Sunday, March 24, 2013
Circle Mirror Transformation: At the Stardust Theater
Circle Mirror Transformation is awkwardly hilarious. That's my first and most prevalent thought throughout the show... the awkward interaction between the characters, long moments of uncomfortable silence, and the general feeling of discomfort when people simply don't seem able to communicate. The story revolves around a community acting class focused on the "touchy-feely" exercises on improvisation, self-revelatory monologues, and other similar activities designed to improve awareness and communication. The six week course is shown through a series of vignettes as the characters become caught up in the exercises and their personal relationships with one another.
The instructor is "Marty" (Judie Rogers Swartz), whose work has been focused on children's' classes but is finally able to bring her love of theater to adults with this new program. Constantly cheerful and optimistic, Marty attempts to convey that the participants are participating in important exercises in abstract theater. She is most heavily challenged by the groups youngest member, Lauren (Hannah Maurine Schmidt), whose attitude prevents her from seeing the purpose in many of the exercises being taught. Swartz brings several layers to the character of Marty and her cheerfulness is often pulled back to reveal a deep hurt, frustration, and even hope as events transpire.
Shane Dallmann is Marty's husband, James. Described as an "aging hippie", James is coerced into attending the class and doesn't seem to understand what the exercises are for. At first seeming like a gentle father-figure, James' history is revealed early in the play and we see the antagonistic nature of that history play out throughout the six week course. He is estranged from his daughter, struggling with his wife's constantly positive attitude, and struggling with his own failures to commit in on a professional or emotional level with the world around him for fear of becoming "like his father".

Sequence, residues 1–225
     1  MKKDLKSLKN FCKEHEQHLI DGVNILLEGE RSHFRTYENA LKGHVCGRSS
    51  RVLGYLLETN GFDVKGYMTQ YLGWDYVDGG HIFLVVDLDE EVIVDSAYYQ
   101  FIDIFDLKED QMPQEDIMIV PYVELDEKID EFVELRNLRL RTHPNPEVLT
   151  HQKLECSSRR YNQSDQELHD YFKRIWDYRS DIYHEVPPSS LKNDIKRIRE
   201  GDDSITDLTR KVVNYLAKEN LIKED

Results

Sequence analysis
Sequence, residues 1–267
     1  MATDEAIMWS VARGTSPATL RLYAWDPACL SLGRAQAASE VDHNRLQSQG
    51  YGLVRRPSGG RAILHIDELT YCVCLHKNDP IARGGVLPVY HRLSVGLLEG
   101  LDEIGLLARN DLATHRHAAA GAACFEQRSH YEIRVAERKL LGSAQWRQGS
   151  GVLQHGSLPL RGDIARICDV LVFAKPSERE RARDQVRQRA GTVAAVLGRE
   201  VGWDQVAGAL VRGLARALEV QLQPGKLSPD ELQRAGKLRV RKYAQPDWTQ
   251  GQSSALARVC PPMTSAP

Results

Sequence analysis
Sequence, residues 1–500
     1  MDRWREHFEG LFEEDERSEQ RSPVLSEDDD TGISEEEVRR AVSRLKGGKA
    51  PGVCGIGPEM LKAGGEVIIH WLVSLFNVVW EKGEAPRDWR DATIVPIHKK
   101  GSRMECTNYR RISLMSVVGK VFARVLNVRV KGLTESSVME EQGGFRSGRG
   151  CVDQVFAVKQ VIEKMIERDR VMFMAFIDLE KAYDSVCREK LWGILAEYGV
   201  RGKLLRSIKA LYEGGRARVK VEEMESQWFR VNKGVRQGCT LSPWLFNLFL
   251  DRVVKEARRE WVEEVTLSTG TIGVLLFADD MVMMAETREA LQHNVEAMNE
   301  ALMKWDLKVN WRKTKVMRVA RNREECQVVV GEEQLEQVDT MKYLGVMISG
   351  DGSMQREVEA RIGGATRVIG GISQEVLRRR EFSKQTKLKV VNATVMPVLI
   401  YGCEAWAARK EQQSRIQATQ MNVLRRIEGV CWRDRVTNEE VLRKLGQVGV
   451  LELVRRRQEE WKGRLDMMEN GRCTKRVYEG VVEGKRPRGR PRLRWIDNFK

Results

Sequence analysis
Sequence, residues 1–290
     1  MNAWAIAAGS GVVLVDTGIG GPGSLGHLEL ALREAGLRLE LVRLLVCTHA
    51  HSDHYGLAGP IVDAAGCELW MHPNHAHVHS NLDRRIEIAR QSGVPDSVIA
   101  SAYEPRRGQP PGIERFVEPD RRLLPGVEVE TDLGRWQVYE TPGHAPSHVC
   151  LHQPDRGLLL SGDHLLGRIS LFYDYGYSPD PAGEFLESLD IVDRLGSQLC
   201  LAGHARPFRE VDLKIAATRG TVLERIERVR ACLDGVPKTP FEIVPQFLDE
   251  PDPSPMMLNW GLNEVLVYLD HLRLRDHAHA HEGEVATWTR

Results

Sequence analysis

Theresa is a former actress who left her life and boyfriend in New York to find a quieter life in Vermont. Of all the participants, Theresa seems to fully embrace the abstract exercises and constantly seeks to "perform" at every opportunity. Tatum Tollner brings a lot of humor and a certain degree of "siren"-like to quality to the part as she seems to lure the attention of the groups' men.
The group is rounded by "Schultz", a recently divorced man reaching out for personal contact with the world around him. He is probably the most vulnerable member of the group, and Matthew T. Pavellas yanks back many rules on personal interaction to great comedic effect throughout the show. Shy, uncomfortable, and unaware of his own social missteps, Schultz was the character I found most easy to identify with and largely became the character I most liked.
"Are we going to be doing any real acting?" The petulant arm crossing and non-involvement from Lauren is probably the most important aspect of the show, a young girl who find herself watching and learning from the people around her. She often sits in a manner that seems so familiar, those awkward teenage years where people try to disappear into the background. She's almost always present throughout the show, watching and observing the characters and how they interact with one another. As the weeks go by, she becomes more involved and takes many of the lessons to heart. Hannah Maurine Schmidt was incredibly good with great body language to the events around her.
The shows awkward pacing is flat out brilliant for getting the most laughs from the audience, reveling in the uncomfortable silences between the characters and their body language. Director Renee Infelise should be given a huge round of applause for those large moments of silence. The sparse setting, with a mirror along one wall and a large rubber ball that moves throughout the show allows the characters to play with wide empty spaces and effectively build and take apart those invisible walls everyone constructs between themselves. Whether you've taken part in similar exercises before or not (and I have not, honestly) you will find familiar moments between the characters and the humor of communication.
Go see the show, which is currently playing at the Stardust Theater.